RENO, Nev. (Reuters) – The death toll in the crash of a vintage World War Two fighter plane near the grandstand at a Nevada air race has risen to nine, authorities said yesterday.
In addition to two people who died of their injuries at hospitals, seven died on the tarmac following the crash on Friday night, Reno Deputy Police Chief Dave Evans said. More than 50 people were injured. Officials said previously the crash killed at least three people.
The pilot, Jimmy Leeward, 74, was among those killed when his P-51 Mustang dubbed the “Galloping Ghost” crashed into a box seat area in front of the main grandstand, said Mike Draper, spokesman for the 48th Annual National Championship Air Races, also known as the Reno Air Races.
“It was like a war zone where the box seats were,” Draper said.
In Martinsburg, West Virginia, another World War Two-era plane crashed in a fireball at an air show yesterday. There was no official word on casualties.
After the Reno crash, a spokesman for Renown Regional Medical Center said the hospital received 30 patients from the crash and five others were taken to the affiliated Renown South Meadows Medical Center.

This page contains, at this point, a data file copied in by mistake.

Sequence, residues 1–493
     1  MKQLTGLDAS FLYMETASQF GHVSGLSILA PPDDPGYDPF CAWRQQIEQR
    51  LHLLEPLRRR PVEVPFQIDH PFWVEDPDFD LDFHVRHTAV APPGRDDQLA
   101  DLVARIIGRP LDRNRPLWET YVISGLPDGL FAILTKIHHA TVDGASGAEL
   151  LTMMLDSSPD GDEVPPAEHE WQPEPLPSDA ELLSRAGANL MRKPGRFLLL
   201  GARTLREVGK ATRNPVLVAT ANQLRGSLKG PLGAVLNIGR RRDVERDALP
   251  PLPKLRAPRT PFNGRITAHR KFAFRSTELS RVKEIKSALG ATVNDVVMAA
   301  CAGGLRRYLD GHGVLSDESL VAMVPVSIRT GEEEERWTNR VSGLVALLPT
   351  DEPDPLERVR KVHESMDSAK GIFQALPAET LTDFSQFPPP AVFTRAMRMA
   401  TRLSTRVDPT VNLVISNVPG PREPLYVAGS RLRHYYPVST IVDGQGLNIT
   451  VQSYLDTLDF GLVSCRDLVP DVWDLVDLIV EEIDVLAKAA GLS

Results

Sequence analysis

Of those 35, six were listed in critical condition yesterday, two were in serious condition and five in fair condition. One person was listed in good condition, and others had been discharged.
Investigators from the National Transportation Safety Board and Federal Aviation Administration were on the scene of the crash at an airfield north of Reno.
Proximity to the planes is a draw for the race, which advises on its website, “Always remember to fly low, fly fast and turn left.”
Draper said the planes sometimes fly at high speeds “about 50 feet (15 metres) off the ground and it’s an exciting, exciting sight.”
The thrill has been a deadly one on occasion, with a total of 28 people killed in the history of the race flown every year in Reno since 1964, Draper said.
“The Reno Air Racing Association extends its most sincere heartfelt condolences and sympathies to all of those affected by yesterday’s tragic events,” the association said in a statement.
Leeward was the son of a pilot and his own sons have also flown planes. He worked as a stunt pilot on some movies, including the 2002 release “Dragonfly.”
The Reno crash was the latest in a spate of fatal air show accidents since August.
Last month, the pilot of an aerobatic airplane died in a fiery crash in front of shocked onlookers at a weekend air show in Kansas City, Missouri. In Michigan last month, a wingwalker at an air show near Detroit plunged about 200 feet (60 metres) to his death as he tried to climb onto a helicopter in midair.